The Day You Realize Your Kid Is Smarter Than You

Cookie: Mommy, I figured out what the “x” means.

Mommy: Oh?

Cookie: Remember when you said you’d teach me multiplication?

Mommy: Yeah, after you’re better with your addition.

Cookie: I figured it out.

Mommy: Oh really?  Are you sure? What’s 2 times 2?

Cookie: 4.

Me:  That’s the same as addition.

Mommy: What’s 3 times 2?

Cookie: 6.

Mommy: What’s 4 times 2?

Cookie: 8.

Mommy: What’s 5 times 2?

Cookie: 10.

Mommy: What’s 6 times 2?

Cookie:  I need to borrow your fingers.  No, wait. 12.

Me: Mommy, you’re just going up by 2.

Mommy: What’s 3 times 3?

Cookie: 9.

Mommy: Whats 3 times 10?

Cookie: 30, and 4 times 10 is 40, and 5 times 10 is 50, and 6 times 10 is 60, and 7 times  10 is 70, and 8 times 10 is 80, and 9 times 10 is 90, and 10 times 10 is one HUNDREDDDDDDD!

Mommy: Who taught you?  Did you learn this in school?

-Side note:  the Pre-k 4 you’re attending is really glorified daycare, where the only things they’re actually teaching are how to raise your hand and how to stand in line: so, no.

Cookie shaking her head: I figured it out myself.

Crap.  Now what am I supposed to do with you, Cookie?

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You’re Not Normal. We Had You Tested.

It’s only natural for all parents to think that their kids are geniuses.  One moment, you’re holding a stinking poop machine that isn’t even smart enough to eat properly and can’t be trusted not to seriously injure itself.  The next moment, there’s a miniature human being asking questions that can’t be easily answered.

As part of the craziness in getting you into kindergarten in New York, we had to get you tested, Cookie.  IQ tests for four-year olds: absolutely, utterly, annoyingly crazy (and useless and meaningless and arbitrary).  Due to a scheduling problem, your testing date was inexplicably moved up a month, and we didn’t get a chance to even show you the sample problems, let alone prep you.  You were even sick on the day.  Nevertheless, we told you that you were going to play games with a special teacher and dropped you off at the psychologist.

A month later, we received your score.  Due to the craziness of New York competition for kindergartens, I have to apologize, Cookie, for being initially disappointed: your score was borderline for the school.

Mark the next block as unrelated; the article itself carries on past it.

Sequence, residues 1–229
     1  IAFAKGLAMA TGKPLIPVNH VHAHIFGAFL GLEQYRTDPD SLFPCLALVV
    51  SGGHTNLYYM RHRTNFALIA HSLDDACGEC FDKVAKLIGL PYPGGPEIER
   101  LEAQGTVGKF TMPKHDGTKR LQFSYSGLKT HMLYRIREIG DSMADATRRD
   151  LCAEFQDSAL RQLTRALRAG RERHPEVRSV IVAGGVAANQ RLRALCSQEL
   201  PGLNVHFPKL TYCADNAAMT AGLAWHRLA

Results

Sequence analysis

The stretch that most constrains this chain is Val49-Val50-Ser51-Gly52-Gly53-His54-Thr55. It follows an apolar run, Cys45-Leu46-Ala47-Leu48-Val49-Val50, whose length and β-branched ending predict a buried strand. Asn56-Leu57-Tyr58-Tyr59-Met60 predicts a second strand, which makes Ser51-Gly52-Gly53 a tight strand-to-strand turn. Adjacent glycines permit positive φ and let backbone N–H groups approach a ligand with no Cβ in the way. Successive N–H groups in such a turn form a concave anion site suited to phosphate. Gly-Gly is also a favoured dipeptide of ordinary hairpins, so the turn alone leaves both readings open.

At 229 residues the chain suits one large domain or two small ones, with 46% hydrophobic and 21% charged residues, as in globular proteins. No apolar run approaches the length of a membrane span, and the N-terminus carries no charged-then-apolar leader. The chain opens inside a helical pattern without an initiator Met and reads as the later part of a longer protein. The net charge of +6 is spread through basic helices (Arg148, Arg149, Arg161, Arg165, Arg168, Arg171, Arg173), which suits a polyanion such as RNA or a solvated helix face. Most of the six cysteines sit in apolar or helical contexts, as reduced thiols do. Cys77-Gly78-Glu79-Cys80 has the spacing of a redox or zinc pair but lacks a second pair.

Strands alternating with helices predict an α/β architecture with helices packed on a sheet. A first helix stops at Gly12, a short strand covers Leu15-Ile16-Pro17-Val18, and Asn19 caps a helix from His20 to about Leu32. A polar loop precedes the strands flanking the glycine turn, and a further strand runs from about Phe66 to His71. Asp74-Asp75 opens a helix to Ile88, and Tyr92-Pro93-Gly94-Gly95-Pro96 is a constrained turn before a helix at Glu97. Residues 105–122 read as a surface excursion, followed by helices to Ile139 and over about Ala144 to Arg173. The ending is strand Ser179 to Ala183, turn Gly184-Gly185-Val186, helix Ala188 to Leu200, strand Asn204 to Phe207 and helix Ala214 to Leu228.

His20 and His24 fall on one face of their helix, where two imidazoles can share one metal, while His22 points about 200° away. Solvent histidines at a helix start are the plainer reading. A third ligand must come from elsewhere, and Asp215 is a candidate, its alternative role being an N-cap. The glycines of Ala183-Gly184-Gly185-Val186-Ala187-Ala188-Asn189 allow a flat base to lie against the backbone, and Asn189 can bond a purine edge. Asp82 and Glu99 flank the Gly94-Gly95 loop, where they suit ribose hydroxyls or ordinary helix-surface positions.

Sorry.  I’m very proud of you, Cookie.   You scored three standard deviations above average.

Crap.  Now I still have to figure out how to keep up with you.

Edjukashun: We’re Doing It Wrong.

For the last year, Cookie, we sent you to a Saturday morning Chinese language class at an aftercare center near home.  One hour.  Full immersion.  Short.  Easy.

Too easy.

Mommy and I wanted something a little more challenging for you (you wanted something more challenging for you), so we signed you up for a three-hour weekend class in the middle of Chinatown.  Unlike, the local Chinese class at the non-Chinese aftercare center, the Chinese class in the heart of Chinatown is taught in English.  The teacher speaks mostly in English to teach a handful of words to kids who speak English because of the fear that parents might complain that their children won’t understand what the teacher is saying.  Immersion?  HAH.

Yes, Cookie, Mommy and I made a mistake.  Next time, we’ll head back to Chinatown… and sign you up for an ESL class.  At least that class will be taught in Chinese.

The Craziness of a New York Education

When looking for private schools in New York, the three-hour interview for a toddler to enter a pre-k 3 (that’s pre-kindergarten for three-year olds) class isn’t even the craziest part of the process.  Actually, that bears repeating.  The application process begins a year in advance, so that’s a three-hour interview for two-year olds to enter a class for three-year olds a year later.  Let the craziness begin.

First, there’s the parent essays.

What is your child’s greatest accomplishment?”  Not pooping her pants?  Talking?  Walking without face planting?

What are your child’s occupational aspirations?”  Seriously?  She’s two.  Her idea of a work day consists of nap time and finger painting.